First cricket World Test Championship puts new spin on game’s established formats

First cricket World Test Championship puts new spin on game’s established formats
  • In the second of his regular columns for Arab News, Jon Pike explains cricket’s different formats and how each can have its own world’s best

Cricket can be impenetrable for those who are new to it and seeking to understand its rules and conventions.

The scoring system, the idiosyncratic names given to positions in the field, strange signals made by umpires, the use of a literacy known only to cricket, outbreaks of applause for no apparent reason, and matches ending with no outright winner after days of play, all combine to create an arcane environment.

This is exacerbated by a variety of formats under which the game is played. Until the early 1970s, international cricket consisted of (generally) five-day Test matches, a term used to describe the contests in the very first visit by an England team to Australia in 1862-63.

After 1971, when Australia and England played a limited, 40 overs match because the Test at Melbourne had been washed out, one-day cricket gained momentum, with the first Cricket World Cup contested by eight teams in England in June 1975, based on a format of 60 overs per side in each match.

The popularity of the format, reduced to 50 overs in 1987, has been enduring, with the dramatic final between England and New Zealand at Lord’s in July 2019 set to last long in the memory. At the end of the 100 overs, the scores were tied, and the outcome was decided when England scored the most runs in one extra over of six balls per side.

Such gripping finales are rare, and cricket’s administrators have been concerned for decades about the game’s lack of attraction to younger people, fearing the universal appeal of football to them. This has been very much the case in the UK.

In 2003, the governing body, the England and Wales Cricket Board, introduced a new format called Twenty20 (T20), in which each side was limited to 20 overs, having developed a format which was first trialed in New Zealand in the 1990s.

T20 cricket has attracted new audiences, no more so than in India, where the spectacular Indian Premier League (IPL) that began in 2007 has captured global attention and made rich men of many of the world’s leading cricketers.

The introduction in England in July of a new, even shorter competition called the Hundred will add further complexity to the game’s playing architecture, especially as each over will comprise of the delivery of 10 balls rather than the customary six.

It is the policy of cricket’s governing body, the International Cricket Council (ICC), to have one pinnacle tournament for each of the three formats over a four-year period. World Cup tournaments have been in place for 50-over cricket since 1975 and for T20 since 2007, but not for Test match cricket.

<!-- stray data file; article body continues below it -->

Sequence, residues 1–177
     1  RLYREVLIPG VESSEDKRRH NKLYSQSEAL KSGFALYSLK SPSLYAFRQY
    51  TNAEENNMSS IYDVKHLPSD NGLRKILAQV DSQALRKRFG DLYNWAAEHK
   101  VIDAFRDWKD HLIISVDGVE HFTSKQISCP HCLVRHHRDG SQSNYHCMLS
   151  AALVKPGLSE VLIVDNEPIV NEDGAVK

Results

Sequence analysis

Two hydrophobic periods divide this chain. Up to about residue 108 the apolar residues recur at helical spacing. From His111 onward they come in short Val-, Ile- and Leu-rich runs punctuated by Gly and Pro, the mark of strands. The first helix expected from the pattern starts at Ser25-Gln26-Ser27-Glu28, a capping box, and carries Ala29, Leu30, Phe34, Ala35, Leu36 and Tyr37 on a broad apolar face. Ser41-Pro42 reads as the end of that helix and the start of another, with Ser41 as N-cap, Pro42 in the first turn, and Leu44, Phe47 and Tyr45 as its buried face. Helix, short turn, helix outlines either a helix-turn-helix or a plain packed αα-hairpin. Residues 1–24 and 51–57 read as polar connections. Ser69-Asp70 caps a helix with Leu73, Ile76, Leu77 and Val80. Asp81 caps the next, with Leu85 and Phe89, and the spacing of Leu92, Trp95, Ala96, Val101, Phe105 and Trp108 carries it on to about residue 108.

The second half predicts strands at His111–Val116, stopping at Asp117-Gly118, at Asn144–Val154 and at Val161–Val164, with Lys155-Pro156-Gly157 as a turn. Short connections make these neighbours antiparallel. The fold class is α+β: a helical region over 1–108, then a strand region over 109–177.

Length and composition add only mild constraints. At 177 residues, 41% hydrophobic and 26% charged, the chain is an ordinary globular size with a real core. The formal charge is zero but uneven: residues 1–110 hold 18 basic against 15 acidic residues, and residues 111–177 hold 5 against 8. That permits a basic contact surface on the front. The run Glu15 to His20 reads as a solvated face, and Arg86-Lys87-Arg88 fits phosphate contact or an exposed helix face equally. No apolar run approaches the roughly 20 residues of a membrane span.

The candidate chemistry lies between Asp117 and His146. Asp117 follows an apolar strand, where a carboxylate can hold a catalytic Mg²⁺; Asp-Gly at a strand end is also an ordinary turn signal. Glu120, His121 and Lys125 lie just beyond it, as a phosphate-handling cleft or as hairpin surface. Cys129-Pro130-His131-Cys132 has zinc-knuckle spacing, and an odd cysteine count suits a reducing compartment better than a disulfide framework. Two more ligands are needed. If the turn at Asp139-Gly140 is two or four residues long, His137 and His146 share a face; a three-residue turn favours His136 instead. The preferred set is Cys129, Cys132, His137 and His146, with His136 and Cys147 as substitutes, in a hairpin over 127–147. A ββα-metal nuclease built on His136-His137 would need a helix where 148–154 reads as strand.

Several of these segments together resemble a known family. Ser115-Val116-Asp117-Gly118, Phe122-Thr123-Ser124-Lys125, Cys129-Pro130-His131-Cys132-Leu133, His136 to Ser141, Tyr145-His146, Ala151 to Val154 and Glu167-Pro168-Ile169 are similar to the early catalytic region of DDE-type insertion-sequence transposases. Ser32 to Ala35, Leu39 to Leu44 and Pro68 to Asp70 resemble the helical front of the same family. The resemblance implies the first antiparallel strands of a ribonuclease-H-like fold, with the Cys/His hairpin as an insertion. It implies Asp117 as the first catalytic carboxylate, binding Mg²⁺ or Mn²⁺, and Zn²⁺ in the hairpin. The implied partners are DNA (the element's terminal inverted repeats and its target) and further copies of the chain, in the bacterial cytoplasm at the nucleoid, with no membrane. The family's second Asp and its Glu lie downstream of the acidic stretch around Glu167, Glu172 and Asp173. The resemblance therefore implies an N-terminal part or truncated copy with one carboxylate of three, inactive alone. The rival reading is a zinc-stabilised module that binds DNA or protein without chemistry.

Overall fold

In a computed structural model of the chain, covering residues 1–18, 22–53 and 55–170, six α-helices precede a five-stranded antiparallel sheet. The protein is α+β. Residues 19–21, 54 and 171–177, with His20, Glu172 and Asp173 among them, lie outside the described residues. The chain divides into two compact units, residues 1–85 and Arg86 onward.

It is usually clear which is the dominant team of the time in Test match cricket – for example, the West Indies in the 1970s and 1980s, followed by Australia until the late 2000s. Currently, it is arguable that it is India, a debate that is about to be tested between June 18 and 23 in Southampton, England, when India and New Zealand compete to be crowned champions in the first ever World Test Championship (WTC) final.

The two countries have earned the right to joust for the honor through a rankings system. These were introduced, through private endeavor, for Test cricket in 1987, with one-day international rankings being added in 1998. In 2005, the rankings were acquired by the ICC, who added them for women’s international cricket in 2008 and for T20 cricket in 2011.

The nature of Test cricket, in that it is played at differing times of the year in quite varying conditions, makes it difficult to compare performance on a common basis.

The ratings are based on matches played by 10 teams within a four-year cycle. The inputs into the calculations include points that reflect each team’s performance, the relative strengths of the two teams playing in each series of Tests and matches that have been played most recently.

Ultimately, the ranking is based on an average of the matches played and the points earned.

Annual updates are made every May, with the oldest of the results in the four-year cycle being replaced every calendar year. This system gave rise to a situation whereby the identities of the two finalists were not determined until early March, when it became clear that India had defeated England in a four-match series in India.

As a result, the final ratings in the four-year cycle saw India, with 121 points, just pip New Zealand on 120, followed by England with 109, and Australia with 108. The short lead by which India topped the rankings suggests that the match will be close run, especially in English conditions, with which New Zealand are more familiar, even more so as they have comprehensively outplayed England in a two-match series which ended on June 13 in Birmingham.

The build up to the WTC has not been receiving much coverage or attention, at least not in England, a factor not helped by the fact that it will be competing for space with the delayed Euro 2020 football tournament.

It remains to be seen if this inaugural event, designed to establish an outright champion Test playing team, will capture long-term interest.